5. I agree with much of this, however, we’re talking PBS. While I agree that a payment model might work I don’t agree how an advertising model can. What frees up PBS to do what it does (ie controversial guests on shows like Charlie Rose, and controversial topics on shows like Frontline) is that it doesn’t have to concern itself with pleasing (or displeasing) advertisers.
    On a less important but curious note – I’m not sure how Malcolm Gladwell warrants being grouped with the likes of Chris Anderson, Larry Page, Sergey Brin, and Marc Andreessen, not to mention Jeff Bezos and others who have actually talked about new media models on Charlie Rose???

  6. I enjoyed reading your public letter.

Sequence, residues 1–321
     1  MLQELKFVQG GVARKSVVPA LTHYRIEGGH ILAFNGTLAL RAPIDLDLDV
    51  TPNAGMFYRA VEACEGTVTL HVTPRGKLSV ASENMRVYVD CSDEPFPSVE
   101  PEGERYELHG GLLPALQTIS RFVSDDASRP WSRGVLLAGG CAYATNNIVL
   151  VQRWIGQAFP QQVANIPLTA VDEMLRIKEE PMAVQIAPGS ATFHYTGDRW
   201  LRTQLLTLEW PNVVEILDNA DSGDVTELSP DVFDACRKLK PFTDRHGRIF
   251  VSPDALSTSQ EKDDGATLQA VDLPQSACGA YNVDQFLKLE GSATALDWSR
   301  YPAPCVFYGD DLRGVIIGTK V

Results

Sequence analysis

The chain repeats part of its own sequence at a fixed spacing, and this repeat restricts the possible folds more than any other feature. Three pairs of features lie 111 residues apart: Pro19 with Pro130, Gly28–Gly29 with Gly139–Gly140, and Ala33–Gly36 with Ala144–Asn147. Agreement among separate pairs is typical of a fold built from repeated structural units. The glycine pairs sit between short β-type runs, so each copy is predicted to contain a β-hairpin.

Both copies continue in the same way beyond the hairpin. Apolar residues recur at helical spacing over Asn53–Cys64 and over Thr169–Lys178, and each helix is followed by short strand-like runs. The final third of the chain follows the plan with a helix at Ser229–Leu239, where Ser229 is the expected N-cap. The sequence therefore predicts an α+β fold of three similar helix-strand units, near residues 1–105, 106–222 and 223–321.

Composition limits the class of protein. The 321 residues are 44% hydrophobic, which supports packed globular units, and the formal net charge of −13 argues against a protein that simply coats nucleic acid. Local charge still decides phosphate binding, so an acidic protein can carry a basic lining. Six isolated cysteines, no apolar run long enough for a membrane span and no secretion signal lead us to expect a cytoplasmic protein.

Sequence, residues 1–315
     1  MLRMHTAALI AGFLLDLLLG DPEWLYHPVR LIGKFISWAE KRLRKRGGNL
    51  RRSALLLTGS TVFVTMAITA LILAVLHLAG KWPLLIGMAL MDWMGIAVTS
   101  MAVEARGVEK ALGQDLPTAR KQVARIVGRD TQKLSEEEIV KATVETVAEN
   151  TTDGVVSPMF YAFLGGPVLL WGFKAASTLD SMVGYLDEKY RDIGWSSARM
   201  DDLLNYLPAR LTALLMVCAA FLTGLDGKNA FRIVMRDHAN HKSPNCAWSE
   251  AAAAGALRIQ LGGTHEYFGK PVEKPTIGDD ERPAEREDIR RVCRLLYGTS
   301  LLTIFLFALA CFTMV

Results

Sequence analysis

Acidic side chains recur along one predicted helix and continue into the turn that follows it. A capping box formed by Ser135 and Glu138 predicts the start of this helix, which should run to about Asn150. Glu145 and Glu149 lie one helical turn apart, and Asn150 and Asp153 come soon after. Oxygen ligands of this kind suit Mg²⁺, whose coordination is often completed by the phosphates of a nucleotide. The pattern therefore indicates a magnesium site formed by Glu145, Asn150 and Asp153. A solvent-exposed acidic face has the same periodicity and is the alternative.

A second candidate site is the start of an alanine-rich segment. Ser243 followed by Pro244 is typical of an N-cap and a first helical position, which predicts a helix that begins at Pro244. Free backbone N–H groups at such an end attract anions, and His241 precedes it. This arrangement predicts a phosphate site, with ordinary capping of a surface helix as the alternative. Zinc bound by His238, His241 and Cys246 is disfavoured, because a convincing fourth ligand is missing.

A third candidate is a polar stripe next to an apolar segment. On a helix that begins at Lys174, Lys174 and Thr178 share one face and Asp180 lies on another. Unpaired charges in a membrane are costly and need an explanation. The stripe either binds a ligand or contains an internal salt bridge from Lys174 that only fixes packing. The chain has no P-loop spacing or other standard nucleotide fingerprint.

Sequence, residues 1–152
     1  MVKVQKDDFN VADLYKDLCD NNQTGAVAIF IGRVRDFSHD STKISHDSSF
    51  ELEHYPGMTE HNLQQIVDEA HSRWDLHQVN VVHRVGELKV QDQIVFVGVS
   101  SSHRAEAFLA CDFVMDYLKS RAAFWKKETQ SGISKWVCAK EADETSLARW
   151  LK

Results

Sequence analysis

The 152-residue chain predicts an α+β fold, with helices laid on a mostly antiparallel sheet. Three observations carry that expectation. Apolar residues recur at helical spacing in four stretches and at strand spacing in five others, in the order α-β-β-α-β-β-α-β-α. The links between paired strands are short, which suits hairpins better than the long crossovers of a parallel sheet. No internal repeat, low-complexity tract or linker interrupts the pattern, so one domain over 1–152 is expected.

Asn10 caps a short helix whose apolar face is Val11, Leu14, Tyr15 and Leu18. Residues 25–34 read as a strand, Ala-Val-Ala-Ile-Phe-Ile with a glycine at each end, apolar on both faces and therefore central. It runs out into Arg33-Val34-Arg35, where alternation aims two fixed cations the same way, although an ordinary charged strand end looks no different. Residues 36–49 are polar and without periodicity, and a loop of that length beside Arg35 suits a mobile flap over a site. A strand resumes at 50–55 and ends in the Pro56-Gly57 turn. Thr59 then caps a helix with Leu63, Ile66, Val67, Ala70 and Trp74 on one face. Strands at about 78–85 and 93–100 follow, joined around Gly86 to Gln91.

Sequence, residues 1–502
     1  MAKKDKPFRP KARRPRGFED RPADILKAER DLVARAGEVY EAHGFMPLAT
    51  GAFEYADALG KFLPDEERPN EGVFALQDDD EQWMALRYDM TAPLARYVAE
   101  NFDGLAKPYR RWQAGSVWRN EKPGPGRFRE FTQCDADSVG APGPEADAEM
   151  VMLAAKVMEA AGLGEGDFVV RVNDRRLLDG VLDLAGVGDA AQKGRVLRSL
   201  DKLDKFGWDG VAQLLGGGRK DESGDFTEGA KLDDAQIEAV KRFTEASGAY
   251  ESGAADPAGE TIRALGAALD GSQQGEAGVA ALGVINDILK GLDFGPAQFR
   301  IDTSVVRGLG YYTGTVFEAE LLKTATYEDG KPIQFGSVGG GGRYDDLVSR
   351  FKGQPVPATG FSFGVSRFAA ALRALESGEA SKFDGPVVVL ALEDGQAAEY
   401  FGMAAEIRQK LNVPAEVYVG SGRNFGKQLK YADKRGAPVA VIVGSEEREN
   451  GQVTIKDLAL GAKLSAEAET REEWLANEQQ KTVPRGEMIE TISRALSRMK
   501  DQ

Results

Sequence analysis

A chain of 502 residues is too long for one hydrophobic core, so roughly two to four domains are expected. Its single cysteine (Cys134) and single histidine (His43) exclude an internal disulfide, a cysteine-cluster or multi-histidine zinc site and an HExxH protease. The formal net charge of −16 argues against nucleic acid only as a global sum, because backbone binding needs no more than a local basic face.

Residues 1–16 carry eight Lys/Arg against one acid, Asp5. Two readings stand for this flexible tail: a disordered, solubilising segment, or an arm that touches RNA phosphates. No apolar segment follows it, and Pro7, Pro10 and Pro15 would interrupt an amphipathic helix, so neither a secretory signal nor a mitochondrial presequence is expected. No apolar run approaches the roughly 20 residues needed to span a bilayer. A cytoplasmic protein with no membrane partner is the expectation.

I used to enjoy watching Charlie Rose show on pbs. However, I don’t watch conventional television anymore. I don’t subscribe to cable and I don’t have an antenna to hook up to my tv. I don’t have an issue finding content for viewing on my television however through podcasts, netflix, hulu, etc. The Charlie Rose show is one of those exceptions, and I wish I could still watch the show.

  7. Arg! The “black” version of the website is so buggy, it hardly ever works. I am amazed when it does, I check every day. Every once in a while it wil play.. @Mac 10.6 Firefox, Chrome, Safari… nothing! Some poor web development is to blame. Please, for the love of Charlie, Fix It!